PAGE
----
The National Residential Landlords Association (NRLA) has urged the government to adopt a cost of living plan for the private rented sector as landlords and tenants struggle in the face of ever growing costs.
In a letter to chancellor Kwasi Kwarteng, who has faced fierce criticism over the government’s controversial September mini-budget, the UK’s largest association for private residential landlords warned that the soaring cost of living will make it more difficult for tenants to pay their rent and emphasised the huge impact of rising costs on landlords.
The letter comes amidst warnings that landlords with mortgages are facing a possible loss making scenario, with interest rate rises significantly pushing up monthly repayments – and the threat of further significant increases to the base rate in the coming weeks and months.
Ultimately, it points out that many landlords will be unable to sustain these costs indefinitely and called for the government to adopt its cost of living plan, which the NRLA says can be financed by a reported £1.5bn that has been underspent by the Department for Levelling Up, Housing and Communities.
Ben Beadle, NRLA Chief Executive, said:
“Both landlords and tenants are struggling with the cost-of-living crisis. We need a package that supports both to prevent rent arrears and sustain tenancies.
“Our proposals provide a pragmatic way forward that would have an immediate and positive impact on the private rented sector. We call on the Chancellor to act as a matter of urgency.”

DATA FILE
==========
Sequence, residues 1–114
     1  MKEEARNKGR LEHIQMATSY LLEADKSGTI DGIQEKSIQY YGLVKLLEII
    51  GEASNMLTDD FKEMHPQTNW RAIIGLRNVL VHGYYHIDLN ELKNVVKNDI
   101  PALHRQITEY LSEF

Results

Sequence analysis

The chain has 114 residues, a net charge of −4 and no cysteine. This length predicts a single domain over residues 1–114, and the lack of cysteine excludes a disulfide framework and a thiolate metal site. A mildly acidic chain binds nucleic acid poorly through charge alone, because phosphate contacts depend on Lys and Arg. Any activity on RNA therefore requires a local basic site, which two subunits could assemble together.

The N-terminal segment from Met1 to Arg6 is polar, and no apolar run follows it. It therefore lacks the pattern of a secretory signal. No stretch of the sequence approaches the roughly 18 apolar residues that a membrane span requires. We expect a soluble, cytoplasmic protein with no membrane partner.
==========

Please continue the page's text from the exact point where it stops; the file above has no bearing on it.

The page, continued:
The NRLA’s Cost of Living Plan
In its letter to the chancellor, the NRLA published a plan for tackling the crisis, including:
- A reform of the benefits system to tackle rent arrears, including unfreezing the housing benefit rates and scrapping the five week wait for claimants to receive their first Universal Credit payment. It also proposes that tenants should have the option for the housing element to be paid directly to the landlord.
- Widening Discretionary Housing Payments to include those not receiving benefits.
- Replacing the £400 Energy Bills Support Scheme with a direct payment to every household to use towards the increased cost of living.
Reverse the Restriction of Mortgage Interest Relief and End Stamp Duty Levy
A major part of the plan is centred around addressing the supply crisis in the private rented sector. It calls for reversing the decision to restrict mortgage interest relief and proposes ending the stamp duty levy on buy-to-let purchases. Research by Capital Economics has indicated the latter would mean nearly 900,000 new privately rented homes coming onto the market over the next ten years, providing the government with a £10bn boost to tax receipts.
What Should Landlords Do About Rising Costs?
Rising costs are a major concern for buy-to-let landlords up and down the country, so what should they do in these uncertain times?
For existing landlords, one option is to look for a fixed-rate deal, although this has become more difficult after many lenders pulled their products following the chancellor’s mini-budget announcement.
Many people may draw the conclusion that buy-to-let is no longer worth it, with some landlords selling up to look for higher yielding locations or seeking alternative investment opportunities.
Despite this, there are still plenty of opportunities to profit from property – often without needing to make a purchase, take out a mortgage, or own a property yourself. For example, one such route is to acquire shares in a Property Portfolio Buying Group, which does not involve a mortgage and therefore takes away the worry of increasing repayments eating into profit margins.
As ever, it is important to monitor the market closely and seek expert advice where possible.
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Important note: The information provided in this article is general in nature and does not constitute personal financial advice. If you are unsure whether an investment is right for you, please seek professional advice. If you choose to invest, the value of your investment can both rise and fall so you may get back less than you put in.